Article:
Almost two years after the Council of Graduate Schools' 2016 report on Holistic Review in Graduate Admissions, graduate programs across the enterprise underwent holistic admissions training with national thought-leaders Dr. Julie R. Posselt and Dr. Casey W. Miller. Introduced by Interim Graduate Dean Steve Fetter, the morning plenary addressed the legal issues in admissions, the current state of evaluative cultures, non-cognitive competencies, the role of the GRE, and risk aversion. There was broad conversation about implicit bias, patterns of grade inflation and impediments for minority participation, GRE score gaps, and useful ways of assessing and predicting student success.
"Faculty rarely have the chance to come together within their departments — much less across them — to consider the consequences of their admissions decisions. Maryland is already a national leader in encouraging holistic admissions review; I hope today’s workshops provided faculty with good food for thought about the practice of holistic review and how implementing it can make access to graduate education more equitable," observed Posselt after the morning session.
An afternoon of hands-on training followed. Admissions committee members gathered from the departments of Astronomy, Biological Sciences, Computer Science, Hearing and Speech Sciences, Entymology, Creative Writing, Aerospace Engineering, English, and Civil and Environmental Engineering. Leadership from the School of Public Health, Engineering, Agriculture and Natural Resources and Arts and Humanities were also present - Dr. Stephen Roth, Dr. Elisabeth Smela, Dr. Evelyn Cooper and Dr. Ralph Bauer, respectively. In addition, the University of Maryland, Baltimore's Department of Microbiology and Immunology was represented by Drs. Bret Hassel and Heather Ezelle.
Faculty members engaged in group work across disciplines and also within their own programs. There were actionable take-aways that programs found helpful. "Having Julie [Posselt] and Casey [Miller] was really fantastic. This is exactly the kind of training we needed and I hope this group continues to share best practices and resources well past this training," said Dr. Nancy Smith, Assistant Director of Graduate Student Services at the School of Public Health. In turn, Miller hopes that "programs will adopt structured holistic protocols to allow greater access to Ph.D. programs for historically underrepresented groups, and that this will in turn lead programs to develop inclusive practices that increase Ph.D. completion rates for those groups."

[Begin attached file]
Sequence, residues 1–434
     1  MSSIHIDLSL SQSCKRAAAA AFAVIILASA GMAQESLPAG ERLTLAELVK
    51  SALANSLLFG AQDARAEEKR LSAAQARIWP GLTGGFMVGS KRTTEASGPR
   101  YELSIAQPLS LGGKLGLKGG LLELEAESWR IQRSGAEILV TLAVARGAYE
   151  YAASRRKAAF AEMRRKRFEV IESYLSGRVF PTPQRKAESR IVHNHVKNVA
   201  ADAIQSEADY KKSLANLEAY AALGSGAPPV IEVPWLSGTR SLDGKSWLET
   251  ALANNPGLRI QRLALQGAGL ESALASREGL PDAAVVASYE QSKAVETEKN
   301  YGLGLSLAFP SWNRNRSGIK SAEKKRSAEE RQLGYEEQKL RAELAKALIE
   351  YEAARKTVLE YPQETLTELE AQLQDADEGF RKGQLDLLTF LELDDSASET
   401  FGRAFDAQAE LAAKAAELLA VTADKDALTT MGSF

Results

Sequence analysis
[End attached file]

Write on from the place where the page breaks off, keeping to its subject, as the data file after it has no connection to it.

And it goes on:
Leo Torres, Bioengineering doctoral student, summed it up best when he said, "as a Ph.D. candidate that aspires to join the professoriate, and who happens to come from an underrepresented minority group, this event presented an aspect of the academy that I did not consider in the past: forging departmental culture and community through graduate admissions. The culture of a department can have a impact on the success and emotional/mental well-being of graduate students therefore, it is important to provide a nurturing environment for all. This workshop presented methods on how faculty can remove bias, preserve academic excellence, and build a diverse and inclusive graduate student and faculty population. This is incredibly helpful in preparing for the application process and in choosing institutions and departments I would like to be a part of. I plan to implement philosophies discussed today when I am a faculty member."
(Thank you to the Department of Physics' IGEN grant and Dr. Kimberly Griffin for making this event possible.)